Find your first graphic design clients

What about your design portfolio!? What about your business name? What about a business license?

Yes, that’s all important.

Starting a graphic design business can be overwhelming if you begin with all the bogged-down business tasks.

Instead, we’re going to start your design business on the right foot by getting your first few design clients in the door.

Once you’ve got a few people who are actually willing to pay you for your work, you won’t believe the excitement, energy, and passion you find within yourself.

And from there, you’ll be able to tackle all the other tasks.

Therefore, your goal #1 should be finding graphic design clients.

When starting a design business, take any reasonable graphic design job for a reasonable price. You never know where those early jobs may lead.

At a minimum, they’ll give you confidence, experience, and portfolio pieces. At most, they could turn into life-long lucrative business relationships or worthwhile conduits to other clients.

Take Stock of Your Skills and Resources

Although this is not always bad, graphic designers who come from established career backgrounds frequently have a wealth of resources, tools, and other advantages at their disposal. 

When you leave a professional job, you may discover that you no longer have access to certain tools. 

This includes the fundamentals, such as a laptop, design software, and service subscriptions.

Take stock of what you have in your home and office and what you might need to purchase as a business investment. Among these resources could be:

  • A capable laptop with the right amount of memory and processing
  • An external hard drive for storing and backing up files
  • Design software such as Adobe Illustrator, Photoshop, or InDesign (some of the most popular options, although certainly not an exclusive list)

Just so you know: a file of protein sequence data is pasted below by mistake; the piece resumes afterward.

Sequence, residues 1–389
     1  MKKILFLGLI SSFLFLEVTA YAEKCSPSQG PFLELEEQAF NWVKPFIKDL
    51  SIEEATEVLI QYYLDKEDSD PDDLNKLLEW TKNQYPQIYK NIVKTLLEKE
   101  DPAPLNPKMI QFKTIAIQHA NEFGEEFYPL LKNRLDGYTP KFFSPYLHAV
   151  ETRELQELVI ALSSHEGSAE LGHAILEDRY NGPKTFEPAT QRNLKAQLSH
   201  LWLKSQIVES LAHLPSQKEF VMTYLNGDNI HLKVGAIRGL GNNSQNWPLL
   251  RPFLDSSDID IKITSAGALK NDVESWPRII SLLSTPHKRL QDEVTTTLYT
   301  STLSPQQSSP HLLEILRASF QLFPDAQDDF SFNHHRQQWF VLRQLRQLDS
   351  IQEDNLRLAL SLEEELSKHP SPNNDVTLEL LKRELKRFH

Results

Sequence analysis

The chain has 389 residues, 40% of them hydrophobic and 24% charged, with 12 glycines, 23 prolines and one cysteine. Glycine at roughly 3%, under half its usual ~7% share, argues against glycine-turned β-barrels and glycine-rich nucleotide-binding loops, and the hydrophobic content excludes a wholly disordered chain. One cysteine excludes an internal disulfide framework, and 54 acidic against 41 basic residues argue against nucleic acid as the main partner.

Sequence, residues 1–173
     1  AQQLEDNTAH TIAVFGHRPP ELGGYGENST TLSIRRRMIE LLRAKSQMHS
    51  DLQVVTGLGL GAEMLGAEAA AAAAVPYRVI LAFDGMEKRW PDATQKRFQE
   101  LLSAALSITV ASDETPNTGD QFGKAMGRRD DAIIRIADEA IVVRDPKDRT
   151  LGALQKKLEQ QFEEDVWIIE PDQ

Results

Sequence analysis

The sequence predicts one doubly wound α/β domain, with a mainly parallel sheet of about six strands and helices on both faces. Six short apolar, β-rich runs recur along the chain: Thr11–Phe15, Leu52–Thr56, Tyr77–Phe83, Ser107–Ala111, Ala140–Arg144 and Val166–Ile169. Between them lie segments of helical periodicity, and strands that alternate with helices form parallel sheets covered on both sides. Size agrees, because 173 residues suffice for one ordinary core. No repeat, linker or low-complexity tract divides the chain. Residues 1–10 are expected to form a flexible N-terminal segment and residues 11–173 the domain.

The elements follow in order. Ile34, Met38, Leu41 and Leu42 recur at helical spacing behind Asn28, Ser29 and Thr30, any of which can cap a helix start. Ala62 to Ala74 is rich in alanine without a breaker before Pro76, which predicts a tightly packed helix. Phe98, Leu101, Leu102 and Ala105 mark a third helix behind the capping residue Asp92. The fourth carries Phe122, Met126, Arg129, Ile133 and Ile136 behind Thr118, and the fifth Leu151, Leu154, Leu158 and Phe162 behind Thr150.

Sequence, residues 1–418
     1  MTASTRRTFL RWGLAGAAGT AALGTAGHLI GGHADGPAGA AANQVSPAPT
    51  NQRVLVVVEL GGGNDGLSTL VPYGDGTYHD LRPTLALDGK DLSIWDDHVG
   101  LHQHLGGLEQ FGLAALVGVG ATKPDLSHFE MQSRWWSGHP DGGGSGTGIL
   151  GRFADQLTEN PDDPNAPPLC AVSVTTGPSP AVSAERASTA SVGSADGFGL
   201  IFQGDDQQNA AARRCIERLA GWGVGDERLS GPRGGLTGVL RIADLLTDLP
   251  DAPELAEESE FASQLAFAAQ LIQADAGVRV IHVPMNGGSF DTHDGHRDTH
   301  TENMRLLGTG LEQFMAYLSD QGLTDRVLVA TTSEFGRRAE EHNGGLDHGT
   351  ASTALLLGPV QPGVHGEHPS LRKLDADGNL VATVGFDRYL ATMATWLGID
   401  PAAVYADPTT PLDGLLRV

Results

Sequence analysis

• A working printer to handle physical products, blueprints, or printed files
  • Marketing materials and other office supplies

Additionally, you should also evaluate what skills (both personal and professional) you have at your disposal. Having a solid working knowledge of how to market your new design business may help save money and time. However, don’t be afraid to invest in the intangible resources and skills you need to help your business truly take off.

Conduct Competitive Research

It should be no surprise that graphic design is highly competitive. There are many talented designers in the field, as well as well-established and capable firms that work with large clients on a regular basis.

It is critical not to become disheartened when you begin to realize or discover the abundance of graphic design service providers available. 

As a new business owner, you will begin to carve out your own industry niche and serve clients and customers who fit your skills and expertise perfectly. That is why it is critical to know what your goals are when you first start in the design business, as well as what resources are available to you.

When you begin conducting competitive research in the graphic design industry, seek answers to the following questions:

  • Do your competitors charge by the hour or by the project?